Before long the scruffy, low-budget scene had leaked out to clubs all over town — at Cantone’s downtown, at the Channel near South Station, and at Bunratty’s in Allston. But Kenmore after dark remained its heart: a sea of black leather that migrated from the Rat to the late-night food spots like Deli Haus and the Pizza Pad. For a while there was a second club, Storyville, just across the square, where Pizzeria Uno now stands. Instead of competing, the two clubs agreed to stagger their sets so listeners could cross the street and catch both headliners.

One of the great Rat-era bands had its roots in Warren Towers. Even before he enrolled at BU in 1975, Connecticut native Jeff Conolly had a reputation as a music nut; in high school his fanatical record-collecting had earned him the nickname Monoman. Conolly learned that his Warren downstairs neighbor Adam Schwartz (CGS’77), who went by the name Adam Bomb, was singing in a band called DMZ, and he wangled an invitation to a rehearsal. Schwartz argued with the band that night and stomped out. Instead of trying to smooth things out, Conolly turned to the band and asked if they knew any Iggy Pop songs. By the end of the night Schwartz was out and Monoman was in.
Conolly’s rock career lasted longer than his tenure at the University. The BU dropout’s second group, the Lyres, founded in 1979, is still going strong. The sight of Conolly shaking his blond hair and banging a tambourine became familiar in town, and he’s well known to lovers of raw and raucous garage rock.

In later years BU would leave a mark on music from hard-core punk (three-quarters of the band Sam Black Church) to abstract pop. Indeed, some of the best alternative rock in the ’80s and ’90s came from female songwriters with a maverick streak. High on the list were two friends who met at Freshman Orientation, Mary Timony (CAS’92) and Joan Wasser (CFA’93). They went on to two of the era’s more original bands. Singer and multi-instrumentalist Timony led Helium, which blended punk aggression with classical touches, fairy-tale imagery, and sexual politics. Despite her demure look offstage, Timony, with her intense stare, cut a no-nonsense figure onstage.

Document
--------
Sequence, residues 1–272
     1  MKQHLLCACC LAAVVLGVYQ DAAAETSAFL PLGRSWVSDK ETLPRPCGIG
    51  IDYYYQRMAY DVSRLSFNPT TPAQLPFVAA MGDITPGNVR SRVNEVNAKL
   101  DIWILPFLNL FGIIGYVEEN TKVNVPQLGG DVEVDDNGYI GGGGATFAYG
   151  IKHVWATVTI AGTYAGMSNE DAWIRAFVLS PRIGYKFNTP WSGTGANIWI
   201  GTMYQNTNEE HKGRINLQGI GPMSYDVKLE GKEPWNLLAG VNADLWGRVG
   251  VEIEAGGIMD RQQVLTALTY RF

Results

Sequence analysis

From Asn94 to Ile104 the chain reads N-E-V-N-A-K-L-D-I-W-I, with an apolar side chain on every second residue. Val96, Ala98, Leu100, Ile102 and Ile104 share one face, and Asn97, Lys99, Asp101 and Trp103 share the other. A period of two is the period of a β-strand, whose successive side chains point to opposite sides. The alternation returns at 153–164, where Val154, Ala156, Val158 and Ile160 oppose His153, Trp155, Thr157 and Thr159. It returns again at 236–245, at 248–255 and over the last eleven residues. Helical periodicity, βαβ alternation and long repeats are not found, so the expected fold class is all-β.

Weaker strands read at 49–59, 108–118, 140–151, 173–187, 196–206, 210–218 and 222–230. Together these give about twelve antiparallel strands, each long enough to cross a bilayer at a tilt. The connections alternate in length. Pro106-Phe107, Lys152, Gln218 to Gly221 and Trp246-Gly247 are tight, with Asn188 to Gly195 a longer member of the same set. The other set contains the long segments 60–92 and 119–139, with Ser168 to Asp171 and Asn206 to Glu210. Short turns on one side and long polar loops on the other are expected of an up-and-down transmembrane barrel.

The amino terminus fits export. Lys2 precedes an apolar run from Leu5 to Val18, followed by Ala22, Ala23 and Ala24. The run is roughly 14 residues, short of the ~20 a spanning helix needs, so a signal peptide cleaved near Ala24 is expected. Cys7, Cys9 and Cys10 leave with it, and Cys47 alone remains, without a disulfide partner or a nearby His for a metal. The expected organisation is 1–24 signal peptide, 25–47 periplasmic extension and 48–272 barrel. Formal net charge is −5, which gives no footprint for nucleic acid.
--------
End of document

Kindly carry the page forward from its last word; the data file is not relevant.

Wasser became that rock and roll rarity: a lead violin player, whose guitar-like sounds and visual flamboyance made a strong impression with her band, the Dambuilders. The two women’s paths often crossed, and Wasser even joined Helium for a time. Both are now solo artists. A recent set at the South by Southwest new music conference in Austin earned a Rolling Stone magazine rave for Wasser’s latest project, Joan As Police Woman.

Some aficionados of the BU rock world would say the party ended when the Rat shut down in 1997. Certainly one needs to look hard to find any trace of rock and roll in the newly gentrified Kenmore Square. But some people do look hard.

“I think the spirit is always here,” says Jordan Harrison, who is the Web communications manager for the BU School of Public Health when she’s not singing for one of the current club scene’s most popular bands, World’s Greatest Sinners. “If anything, there are more bands now, but it’s more diversified, so you don’t feel it in that intense Kenmore Square way.”

The Paradise remains, more upscale than it was two decades ago, and to hear the next big rock stars before they make it big, these days it’s necessary to venture into Allston or Cambridge. Still, if it’s true that, as they say, rock and roll will never die, somebody’s going to dig up a dusty old J. Geils Band album, find a cheap guitar, and write the next chapter in the long story of BU rock.

Brett Milano (COM’82) is the author of The Sound of Our Town, published this month by Commonwealth Editions.